He did not always know that he would devote his career to the struggle for transparency. Initially, Shapiro explained, he just wanted to seek information on state campaigns against the animal rights and environmental justice movements.

In 2004, the FBI designated activists from these movements as leading domestic terrorist threats, even though they had not caused any physical injuries. Advocates who wrote slogans against animal experimentation on the sidewalk in chalk faced federal felony terrorism charges, Shapiro recalled, and he was outraged.

"I'm just some angry punk rock kid," Shapiro joked over the phone, "who happens to be a little older now, but basically I'm saying the same things I have been saying since I was 12 and wearing Dead Kennedys shirts."

His dissertation explores how the FBI and corporations use the national security apparatus to repress animal rights activists and classify them as "threats to the state." But Shapiro said the FBI's fierce resistance to his research led him to expand the focus of his work to efforts by U.S. intelligence agencies to maintain secrecy more broadly.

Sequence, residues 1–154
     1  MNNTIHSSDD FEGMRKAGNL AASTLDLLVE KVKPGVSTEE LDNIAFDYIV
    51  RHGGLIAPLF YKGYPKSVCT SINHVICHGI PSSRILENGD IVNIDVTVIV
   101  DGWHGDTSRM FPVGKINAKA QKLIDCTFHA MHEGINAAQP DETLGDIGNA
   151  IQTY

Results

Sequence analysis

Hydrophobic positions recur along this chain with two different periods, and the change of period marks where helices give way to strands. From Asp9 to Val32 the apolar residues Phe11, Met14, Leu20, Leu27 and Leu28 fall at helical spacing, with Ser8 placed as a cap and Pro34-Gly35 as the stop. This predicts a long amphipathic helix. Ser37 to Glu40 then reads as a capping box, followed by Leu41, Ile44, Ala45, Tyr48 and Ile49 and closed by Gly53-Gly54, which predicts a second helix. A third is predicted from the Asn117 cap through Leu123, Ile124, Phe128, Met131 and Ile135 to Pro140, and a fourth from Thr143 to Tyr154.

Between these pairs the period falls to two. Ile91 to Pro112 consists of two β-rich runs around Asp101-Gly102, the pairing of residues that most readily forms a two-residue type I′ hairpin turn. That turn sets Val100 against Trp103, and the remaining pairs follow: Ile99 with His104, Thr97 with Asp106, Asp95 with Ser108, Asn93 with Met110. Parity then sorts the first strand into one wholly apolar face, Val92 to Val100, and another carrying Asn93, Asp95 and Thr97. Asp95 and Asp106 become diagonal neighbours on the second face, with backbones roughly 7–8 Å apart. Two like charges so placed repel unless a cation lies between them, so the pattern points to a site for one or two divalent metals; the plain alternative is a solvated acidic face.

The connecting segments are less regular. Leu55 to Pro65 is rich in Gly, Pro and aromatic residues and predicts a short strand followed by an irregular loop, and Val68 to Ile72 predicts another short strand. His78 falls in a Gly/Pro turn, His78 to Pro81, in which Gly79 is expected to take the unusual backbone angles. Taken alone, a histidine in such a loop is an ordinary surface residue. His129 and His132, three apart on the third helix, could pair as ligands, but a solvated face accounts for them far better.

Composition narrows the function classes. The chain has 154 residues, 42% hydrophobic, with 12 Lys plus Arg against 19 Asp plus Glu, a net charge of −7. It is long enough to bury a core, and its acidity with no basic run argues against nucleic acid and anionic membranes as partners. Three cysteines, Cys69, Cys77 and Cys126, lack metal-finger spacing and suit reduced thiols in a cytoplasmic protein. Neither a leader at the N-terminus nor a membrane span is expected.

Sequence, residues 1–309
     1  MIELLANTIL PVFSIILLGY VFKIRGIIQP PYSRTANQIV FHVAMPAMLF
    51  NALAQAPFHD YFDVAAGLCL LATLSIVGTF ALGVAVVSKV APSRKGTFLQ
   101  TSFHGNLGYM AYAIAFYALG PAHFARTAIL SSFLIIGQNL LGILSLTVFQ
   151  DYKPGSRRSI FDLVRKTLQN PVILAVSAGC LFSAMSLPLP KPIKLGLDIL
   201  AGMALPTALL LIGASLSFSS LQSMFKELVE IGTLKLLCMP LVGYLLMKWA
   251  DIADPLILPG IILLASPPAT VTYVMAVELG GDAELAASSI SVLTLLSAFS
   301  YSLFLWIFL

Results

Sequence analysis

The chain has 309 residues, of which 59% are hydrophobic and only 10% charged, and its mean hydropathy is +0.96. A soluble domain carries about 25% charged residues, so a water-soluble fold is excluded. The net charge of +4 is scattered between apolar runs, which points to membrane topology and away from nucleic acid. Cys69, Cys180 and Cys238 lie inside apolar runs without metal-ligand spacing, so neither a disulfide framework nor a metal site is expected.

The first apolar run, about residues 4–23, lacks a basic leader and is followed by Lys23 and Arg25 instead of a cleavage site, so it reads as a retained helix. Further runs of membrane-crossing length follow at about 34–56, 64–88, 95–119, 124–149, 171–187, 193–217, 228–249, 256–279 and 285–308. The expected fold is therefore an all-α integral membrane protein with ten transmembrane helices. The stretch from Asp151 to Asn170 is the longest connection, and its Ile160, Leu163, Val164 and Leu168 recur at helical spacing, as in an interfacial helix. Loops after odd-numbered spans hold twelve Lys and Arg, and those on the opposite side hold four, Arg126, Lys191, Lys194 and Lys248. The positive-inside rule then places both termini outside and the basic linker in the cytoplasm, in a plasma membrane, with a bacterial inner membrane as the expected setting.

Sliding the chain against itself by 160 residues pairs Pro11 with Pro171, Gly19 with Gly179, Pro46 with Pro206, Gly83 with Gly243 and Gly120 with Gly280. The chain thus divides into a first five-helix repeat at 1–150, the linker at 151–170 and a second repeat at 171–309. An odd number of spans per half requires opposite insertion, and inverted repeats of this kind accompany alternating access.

Some of Shapiro's previous FOIA requests have exposed how the FBI has considered applying federal terrorism charges against animal rights whistleblowers; how the FBI has instructed agents to withhold information about surveillance from prosecutors and defendants; and even, as Salon has previously reported, how the U.S. government targeted Nelson Mandela and the anti-apartheid movement in South Africa as supposed threats to national security.

Going forward, Shapiro has hopes that other organizations and NGOs will help take action to hold a President Trump accountable. But it is not just about making the upcoming administration transparent, Shapiro noted. It is also about protecting the tools that currently exist. And the struggle is going to be tough.

"We are genuinely worried about the survival of FOIA itself as a tool under President Trump," he warned.

By Ben Norton

Ben Norton is a politics reporter and staff writer at AlterNet. You can find him on Twitter at @BenjaminNorton.